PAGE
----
This Inspiring Story Of A Poor Rural Mother Makes Homeschooling Sound Very Simple

It might be difficult to homeschool if we are not well equipped, but basic education can definitely be imparted in the homes to the children.

It might be difficult to homeschool if we are not well equipped, but basic education can definitely be imparted in the homes to the children.

Homeschooling? What is that?

This term which is not too common in India is one system of education where the parents do not send their children to schools for getting educated but give education at home itself.

Isn’t it quite similar to the private education system? Where the children only go to schools for appearing for their exams and are asked to study at home or sent in coaching classes if the parents do not have enough time to cater to the education needs of the child.

Ever wondered how do the mothers manage homeschooling their children? Making them learn to be competitive without even putting them in a competitive world? Making the children learn to work in a team , respecting others , inculcating the value of extra-curricular activities without even putting them in a social setting of a school?

Do you think it is easy?

Let me tell you one thing agree it or not, a mother especially who is a housewife, gets her “me time” only when her husband is at work and children at school. I can bet every mother can relate to it.

Homeschooling deprives her of that time which was once reserved for her own self. The mother is no longer just a mother but also a teacher, and the child looks at his future through his mother’s eyes. It is very commonly observed that its usually always the mothers who have to be vigilant and make sure her children are studying to get good marks in order to race neck and neck with their peers.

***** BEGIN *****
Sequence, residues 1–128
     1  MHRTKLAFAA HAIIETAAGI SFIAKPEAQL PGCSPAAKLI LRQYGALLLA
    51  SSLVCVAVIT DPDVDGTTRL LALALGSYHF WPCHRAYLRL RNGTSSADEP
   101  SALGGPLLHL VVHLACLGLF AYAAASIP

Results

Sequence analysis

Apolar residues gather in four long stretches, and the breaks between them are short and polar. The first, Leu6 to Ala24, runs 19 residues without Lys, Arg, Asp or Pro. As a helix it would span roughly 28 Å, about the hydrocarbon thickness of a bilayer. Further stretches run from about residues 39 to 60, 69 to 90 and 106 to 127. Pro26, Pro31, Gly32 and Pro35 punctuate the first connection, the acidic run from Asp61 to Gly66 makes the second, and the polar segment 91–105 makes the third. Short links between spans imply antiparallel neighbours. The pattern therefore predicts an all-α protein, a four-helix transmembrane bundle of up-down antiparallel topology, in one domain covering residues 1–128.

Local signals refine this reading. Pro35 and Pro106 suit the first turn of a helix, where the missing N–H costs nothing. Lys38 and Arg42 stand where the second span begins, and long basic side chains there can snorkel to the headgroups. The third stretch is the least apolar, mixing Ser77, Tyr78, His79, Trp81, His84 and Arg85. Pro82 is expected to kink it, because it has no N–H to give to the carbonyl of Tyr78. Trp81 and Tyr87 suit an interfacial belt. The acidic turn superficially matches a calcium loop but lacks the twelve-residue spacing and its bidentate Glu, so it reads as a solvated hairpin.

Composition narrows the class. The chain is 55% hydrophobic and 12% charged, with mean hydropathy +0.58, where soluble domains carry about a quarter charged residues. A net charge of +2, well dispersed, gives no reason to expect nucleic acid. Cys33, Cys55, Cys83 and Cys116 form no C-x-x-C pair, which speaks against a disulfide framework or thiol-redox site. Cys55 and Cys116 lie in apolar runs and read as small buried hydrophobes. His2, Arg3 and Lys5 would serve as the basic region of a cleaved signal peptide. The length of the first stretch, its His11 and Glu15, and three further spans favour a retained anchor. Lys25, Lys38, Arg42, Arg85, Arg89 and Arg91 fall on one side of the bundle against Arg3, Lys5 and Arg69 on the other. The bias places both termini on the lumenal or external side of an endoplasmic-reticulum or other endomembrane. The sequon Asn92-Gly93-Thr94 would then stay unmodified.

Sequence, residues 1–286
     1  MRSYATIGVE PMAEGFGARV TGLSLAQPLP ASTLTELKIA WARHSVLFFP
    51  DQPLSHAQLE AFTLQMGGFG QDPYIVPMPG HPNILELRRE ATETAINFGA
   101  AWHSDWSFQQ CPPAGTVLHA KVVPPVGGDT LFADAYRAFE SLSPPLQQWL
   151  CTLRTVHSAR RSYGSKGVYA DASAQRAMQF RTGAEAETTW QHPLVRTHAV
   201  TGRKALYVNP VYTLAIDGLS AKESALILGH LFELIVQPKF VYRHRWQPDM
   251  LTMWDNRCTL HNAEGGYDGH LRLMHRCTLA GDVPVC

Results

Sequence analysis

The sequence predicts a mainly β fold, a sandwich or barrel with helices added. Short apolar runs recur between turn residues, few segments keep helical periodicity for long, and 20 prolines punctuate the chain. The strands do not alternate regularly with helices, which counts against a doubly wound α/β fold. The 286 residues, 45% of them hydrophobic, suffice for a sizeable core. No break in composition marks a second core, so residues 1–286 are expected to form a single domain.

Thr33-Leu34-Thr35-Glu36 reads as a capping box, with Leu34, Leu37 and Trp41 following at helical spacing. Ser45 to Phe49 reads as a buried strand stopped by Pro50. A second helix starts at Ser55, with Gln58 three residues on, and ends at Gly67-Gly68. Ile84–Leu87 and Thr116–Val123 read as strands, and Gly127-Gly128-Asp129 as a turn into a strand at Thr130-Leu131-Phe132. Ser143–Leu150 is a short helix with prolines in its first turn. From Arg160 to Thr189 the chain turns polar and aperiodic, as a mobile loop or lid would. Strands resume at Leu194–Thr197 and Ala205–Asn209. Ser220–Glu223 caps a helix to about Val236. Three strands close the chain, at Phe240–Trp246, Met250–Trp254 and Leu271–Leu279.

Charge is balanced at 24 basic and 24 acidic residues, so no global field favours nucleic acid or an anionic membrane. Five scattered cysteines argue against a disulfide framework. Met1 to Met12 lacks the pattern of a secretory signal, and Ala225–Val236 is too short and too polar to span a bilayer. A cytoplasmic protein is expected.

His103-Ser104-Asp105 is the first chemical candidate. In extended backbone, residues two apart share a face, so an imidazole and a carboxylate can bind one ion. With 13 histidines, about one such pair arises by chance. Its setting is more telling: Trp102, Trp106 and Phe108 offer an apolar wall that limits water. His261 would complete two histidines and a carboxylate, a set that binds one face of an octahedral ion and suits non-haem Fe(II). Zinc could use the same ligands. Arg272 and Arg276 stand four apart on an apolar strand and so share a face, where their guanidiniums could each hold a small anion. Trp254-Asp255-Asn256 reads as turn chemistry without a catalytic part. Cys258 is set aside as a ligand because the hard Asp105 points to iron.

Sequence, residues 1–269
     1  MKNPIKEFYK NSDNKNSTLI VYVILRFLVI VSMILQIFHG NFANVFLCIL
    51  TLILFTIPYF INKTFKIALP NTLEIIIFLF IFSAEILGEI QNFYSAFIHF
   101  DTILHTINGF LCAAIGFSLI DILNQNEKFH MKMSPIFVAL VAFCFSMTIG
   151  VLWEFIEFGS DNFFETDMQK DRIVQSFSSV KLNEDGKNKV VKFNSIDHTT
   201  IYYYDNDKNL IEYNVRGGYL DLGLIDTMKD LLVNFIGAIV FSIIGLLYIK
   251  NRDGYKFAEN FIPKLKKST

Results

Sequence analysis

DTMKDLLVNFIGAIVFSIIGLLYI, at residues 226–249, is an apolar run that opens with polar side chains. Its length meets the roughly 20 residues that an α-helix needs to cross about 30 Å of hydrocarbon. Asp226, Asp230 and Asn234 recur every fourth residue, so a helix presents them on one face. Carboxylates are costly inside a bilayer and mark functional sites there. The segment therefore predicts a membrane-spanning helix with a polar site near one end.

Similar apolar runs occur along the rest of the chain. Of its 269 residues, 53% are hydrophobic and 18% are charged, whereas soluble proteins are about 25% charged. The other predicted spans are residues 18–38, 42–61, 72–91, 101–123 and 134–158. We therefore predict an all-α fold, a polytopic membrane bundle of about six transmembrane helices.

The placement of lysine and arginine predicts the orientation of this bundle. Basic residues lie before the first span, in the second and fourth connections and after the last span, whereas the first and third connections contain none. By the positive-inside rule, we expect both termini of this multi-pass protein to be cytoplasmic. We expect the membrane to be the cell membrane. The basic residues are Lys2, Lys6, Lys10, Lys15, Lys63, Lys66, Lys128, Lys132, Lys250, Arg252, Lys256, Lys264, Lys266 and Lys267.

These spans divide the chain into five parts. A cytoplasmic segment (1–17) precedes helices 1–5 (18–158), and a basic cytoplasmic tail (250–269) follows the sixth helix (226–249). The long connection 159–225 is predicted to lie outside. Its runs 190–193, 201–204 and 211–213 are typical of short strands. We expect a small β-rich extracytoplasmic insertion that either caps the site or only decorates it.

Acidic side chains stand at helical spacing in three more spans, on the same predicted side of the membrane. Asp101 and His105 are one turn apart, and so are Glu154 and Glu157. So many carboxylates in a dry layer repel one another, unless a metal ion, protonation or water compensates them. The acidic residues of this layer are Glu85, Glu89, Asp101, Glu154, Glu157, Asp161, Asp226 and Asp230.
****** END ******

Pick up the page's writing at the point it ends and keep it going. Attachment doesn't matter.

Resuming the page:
The case of Rakhi, a mother from a village

Rakhi belongs to a village where the school inspite of being close to their house is not good enough in giving quality education. She decided to home school her son with the help of the books provided by the school. Even though she came below the poverty line population of our country, she was ready to do all the hard work needed for her to give her children not merely education but the best quality and valuable education possible.

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Rakhi was a bangle seller. She would roam around in villages selling glass bangles to women, take care of her two children – a 7 year-old boy and a 1 year old girl, cook for her family and husband, whilst completing all the other house-hold chores too.

She was determined to educate her children and make them working professionals but just because of the poor quality of the education in rural areas, she decided to homeschool her children and just send them to school for examinations. She spent her evenings in the brightness of the oil lamp teaching her children and in the same journey learning from the children in return.

Her husband wasn’t much educated but encouraged what his wife was doing. She made the children not only knowledgeable through books but also experience by sending her son to collect water from the river or well – demonstrating how the bucket once thrown in water displaces the amount of water equivalent to the weight of bucket, she taught her children Archimedes law in Science.

Can every parent invest in their child’s education?

So I bet every parent be it the father or mother can take some time to spend with their kids and teach them some things which even a school cannot teach. If someone like Rakhi can, why can’t we living in a city with the best schools, teachers, facilities and luxuries like domestic helpers, psychologists, coaching classes etc. not be a part of our children’s education and rely on some-one else for it?

Hence homeschooling may sound difficult or not well equipped for a child to get complete education, but basic education can definitely be imparted in the homes to the  children

as  “Our Home is Our First School and Our Parents Are Our First Teachers!”

Image source: pixabay

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